For decades now, we’ve been destabilizing the world, having failed to imagine the consequences of our actions on our societies and our biosphere, and the way in which they are connected. Now, following this failure and the stark realization of what it has entailed, we need to do just the opposite...
For economists and policymakers, valuing nature and assessing its contribution to our economies and societies is a recent endeavor because, for centuries, we’ve been overlooking the fundamental role nature plays in our lives and underestimating the risks that environmental degradation poses to hu...
Defined in the simplest possible terms, a narrative is a story about something. Stories are essential to us because as human beings and social animals, we are storytelling creatures. In his 1938 novel Nausea, Jean-Paul Sartre wrote, “A man is always a teller of tales, he lives surrounded by his s...
In short, alongside governments (which have a much broader and more effective range of tools and policies available to prevent and mitigate climate-related risks), central banks will adapt their monetary policy operational frameworks to reflect climate-related risks. This will involve the mitiga...
We need to treat it as such and in the process reconsider our measures of economic prosperity. Recent economic studies conclude that more than half of the world’s GDP depends on nature. It renders services that are obvious and others that are much more difficult to comprehend (like the work of co...
As stated recently in the Dasgupta Review, “humanity has prospered immensely in recent decades, the ways in which we have achieved such prosperity means that it has come at a devastating cost to nature. Estimates of our total impact on nature suggest that we would require 1.6 Earths to maint...
Robert Shiller, the “father” of narrative economics, goes one step further, linking narratives to the decisions we make: “The human brain has always been highly tuned towards narratives, whether factual or not, to justify ongoing actions.”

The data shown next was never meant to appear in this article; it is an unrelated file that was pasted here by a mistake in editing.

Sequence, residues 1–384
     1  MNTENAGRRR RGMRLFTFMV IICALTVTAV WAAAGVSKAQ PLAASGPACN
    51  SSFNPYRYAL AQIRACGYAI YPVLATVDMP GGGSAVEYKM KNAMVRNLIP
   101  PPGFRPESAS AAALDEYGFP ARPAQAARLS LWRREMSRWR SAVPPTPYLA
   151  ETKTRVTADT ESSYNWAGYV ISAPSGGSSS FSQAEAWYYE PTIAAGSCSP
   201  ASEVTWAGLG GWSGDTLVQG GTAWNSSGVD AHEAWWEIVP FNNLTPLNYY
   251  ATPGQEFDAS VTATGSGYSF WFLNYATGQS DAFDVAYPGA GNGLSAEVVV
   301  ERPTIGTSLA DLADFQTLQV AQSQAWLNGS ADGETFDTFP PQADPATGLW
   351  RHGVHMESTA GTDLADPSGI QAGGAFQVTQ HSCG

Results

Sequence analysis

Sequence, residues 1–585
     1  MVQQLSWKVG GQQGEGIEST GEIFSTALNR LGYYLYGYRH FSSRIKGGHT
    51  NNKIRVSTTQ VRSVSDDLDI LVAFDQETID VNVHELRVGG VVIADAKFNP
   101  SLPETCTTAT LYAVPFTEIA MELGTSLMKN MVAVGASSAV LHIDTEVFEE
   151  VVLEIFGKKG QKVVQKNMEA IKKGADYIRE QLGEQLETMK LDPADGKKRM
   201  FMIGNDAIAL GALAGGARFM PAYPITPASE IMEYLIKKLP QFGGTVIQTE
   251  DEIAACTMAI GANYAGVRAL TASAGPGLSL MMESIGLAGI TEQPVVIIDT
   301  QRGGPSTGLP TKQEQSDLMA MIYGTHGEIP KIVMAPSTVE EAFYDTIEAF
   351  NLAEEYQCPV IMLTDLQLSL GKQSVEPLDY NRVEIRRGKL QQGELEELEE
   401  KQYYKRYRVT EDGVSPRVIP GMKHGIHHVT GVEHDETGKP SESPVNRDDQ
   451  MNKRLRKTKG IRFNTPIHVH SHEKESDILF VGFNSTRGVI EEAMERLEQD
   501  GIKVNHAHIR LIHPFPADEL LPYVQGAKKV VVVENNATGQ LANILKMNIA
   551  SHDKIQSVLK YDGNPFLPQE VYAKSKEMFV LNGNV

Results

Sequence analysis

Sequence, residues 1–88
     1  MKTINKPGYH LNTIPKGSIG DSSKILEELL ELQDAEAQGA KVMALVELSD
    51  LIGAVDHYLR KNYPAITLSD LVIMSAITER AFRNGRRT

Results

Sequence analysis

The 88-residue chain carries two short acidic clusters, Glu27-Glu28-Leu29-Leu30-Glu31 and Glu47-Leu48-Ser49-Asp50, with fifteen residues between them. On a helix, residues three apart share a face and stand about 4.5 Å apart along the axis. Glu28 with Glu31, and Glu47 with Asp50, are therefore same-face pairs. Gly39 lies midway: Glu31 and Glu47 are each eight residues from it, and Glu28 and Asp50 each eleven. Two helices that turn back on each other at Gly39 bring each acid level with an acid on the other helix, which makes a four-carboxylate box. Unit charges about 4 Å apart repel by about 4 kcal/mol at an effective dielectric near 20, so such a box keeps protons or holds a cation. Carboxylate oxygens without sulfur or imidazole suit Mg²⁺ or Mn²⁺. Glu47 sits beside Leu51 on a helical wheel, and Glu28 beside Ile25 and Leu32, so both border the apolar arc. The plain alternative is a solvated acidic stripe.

The rich scholarly literature about narrat...
If ancient societies did not obey any specific organizational trajectory or evolutionary model, why should it be different in today’s world? What prevents us from imagining different pathways and new forms? What is it that constrains our ability to imagine better ways of dealing with our problems...
The Network for Greening the Financial System (NGFS) is a group of 91 central banks and supervisors committed to mobilizing mainstream finance to support the transition toward a sustainable economy. It is investigating many bold financial innovations that could (and most likely will) one day revo...
Imagining what form this might take and devising policy tools and instruments to get there is the task of the NGFS, and largely depends on how climate risks will affect the economy and financial system through a range of different transmission channels. The menu of options available is extensive ...
Klaus Schwab is the founder and executive chairman of the WEF His latest books are The Fourth Industrial Revolution, a worldwide bestseller translated into 30 languages, and Shaping the Future of the Fourth Industrial Revolution.
Thierry Malleret is the man...
This is correct: On most metrics, if we had to choose throughout history the best time to be alive, it would indeed have to be today. And if we had to choose one quality that powers the better angels of our nature? Imagination.
Imagination is a glorious attribute. When its infinite possibil...
Imagination is a glorious attribute. When its infinite possibil...
Today, all sorts of people are engaged in elaborating novel and imaginative ideas, products, and strategies. They do so by developing new ventures, start-ups, economic policies, or mammoth projects and, in so doing, create and shape the future.
Their original ideas translate into narrative...
What future do we face? What future do we want? What must we do to get there?
These three questions preoccupy us all. We can’t predict the future. We can imagine it and even design it; no outcome is predetermined and, as cognitive human beings, we retain the agency to shape the world we wan...